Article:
Ann Reeves Jarvis, Julia Ward Howe, Juliet Calhoun Blakely, Mary Towles Sasseen, Frank Hering, Anna Maria Jarvis. These women (and man!) all played pivotal roles in establishing Mother’s Day as we know it today. The second Sunday in May has been observed as Mother’s Day in the United States since 1914, following several years of effort by the younger Jarvis to set aside a day to honor all mothers as she had her own mother after her death. However, celebrations for mothers and mother figures date back to ancient times and an unrelated holiday, Mothering Sunday, was long celebrated on the fourth Sunday of Lent in the Christian tradition.
Although Jarvis originally enlisted the assistance of department stores, the floral industry and other businesses to promote the idea of a day of honor, it didn’t take long for commercialism to consume the new holiday. Despite her best efforts to “return Mother’s day to its roots”, the machine that is American consumerism has over the years inflated the idea of a simple day of honor and acknowledgement to one of giving grandiose gifts to show our love for the mothers in our lives. According to Forbes magazine, Mother’s Day spending will near $32 billion dollars this year.
Despite my pseudo enlightened viewpoint of the avarice and needless spending of the American consumer, I do love to give a gift! Receiving them isn’t too bad either – this year, Abby and Sarah gave me a thought filled gift of things they knew I would enjoy. I gave my own mom a few plants and herbs, which she will doubtlessly do a better job of keeping alive than I will of the ones I got for myself.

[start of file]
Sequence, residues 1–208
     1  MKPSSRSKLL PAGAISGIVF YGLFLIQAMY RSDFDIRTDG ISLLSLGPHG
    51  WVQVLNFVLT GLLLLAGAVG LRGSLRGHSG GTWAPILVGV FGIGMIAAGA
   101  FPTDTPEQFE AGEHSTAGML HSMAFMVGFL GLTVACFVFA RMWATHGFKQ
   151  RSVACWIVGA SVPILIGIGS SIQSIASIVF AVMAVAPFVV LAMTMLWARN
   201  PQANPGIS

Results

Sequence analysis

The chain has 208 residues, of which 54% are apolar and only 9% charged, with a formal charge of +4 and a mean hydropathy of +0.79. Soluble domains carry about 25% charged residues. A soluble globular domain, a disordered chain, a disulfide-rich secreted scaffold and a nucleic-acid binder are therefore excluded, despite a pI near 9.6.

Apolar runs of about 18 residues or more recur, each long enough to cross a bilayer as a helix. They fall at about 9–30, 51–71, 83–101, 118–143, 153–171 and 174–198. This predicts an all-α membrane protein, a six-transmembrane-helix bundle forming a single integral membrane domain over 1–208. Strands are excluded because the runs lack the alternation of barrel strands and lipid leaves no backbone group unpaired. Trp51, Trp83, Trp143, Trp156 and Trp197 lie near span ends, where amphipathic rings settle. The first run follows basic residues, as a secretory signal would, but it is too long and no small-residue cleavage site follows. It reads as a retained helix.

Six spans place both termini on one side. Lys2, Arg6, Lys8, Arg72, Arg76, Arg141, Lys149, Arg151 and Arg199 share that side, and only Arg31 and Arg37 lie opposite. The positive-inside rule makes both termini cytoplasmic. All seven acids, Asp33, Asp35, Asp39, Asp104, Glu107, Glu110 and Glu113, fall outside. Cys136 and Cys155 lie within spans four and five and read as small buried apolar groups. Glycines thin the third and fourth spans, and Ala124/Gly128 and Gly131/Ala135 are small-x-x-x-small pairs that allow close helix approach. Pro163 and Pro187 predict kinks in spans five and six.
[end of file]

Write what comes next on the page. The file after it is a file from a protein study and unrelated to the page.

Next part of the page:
I am so very fortunate to have an amazing mother, to have wonderful women in my past and present who have had mothering roles in my life, and to also be a mother to two lovely girls. But for others, Mother’s Day is a source of grief, of bittersweet memories, or of pain. For those who have lost their mother, no matter how recently or how long ago. For those who have lost a child. For those who have been made to feel they are worth less as a woman or a human being for choosing not to have children. For those who desperately wanted children but were unable to to conceive or bear them. For those who had a mother who was not capable or willing to be the nurturing parent they needed. Or for those in marginalized communities who have been rejected by the one person society tells them should love them unconditionally and they should be honoring this day. For all of those, I pray for a quiet day of peace and permission to “tune out” the myriad of noise that surrounds holidays such as these.
So to the mothers of babies who think the days of diapers and feeding will never end. To the mothers of school age children who struggle with the routines of homework and bedtimes. To the mothers of teenagers having daily battles about every topic imaginable. To the mothers about to have their babies graduate into the next phase of life. To the mothers whose nests were once empty but who have had those chicks come back. To the mothers of adult children who know that this job of worrying about your babies never ends. To those who mother children who aren’t biologically their own. To the mothers of furbabies who sometimes give us just as much grief as the human babies. To all of these, I wish the happiest of Mother’s Days.
-Karri Temple Brackett
May 8, 2022
Information gathered from the following sources:
I found this image at Free Vintage Illustrations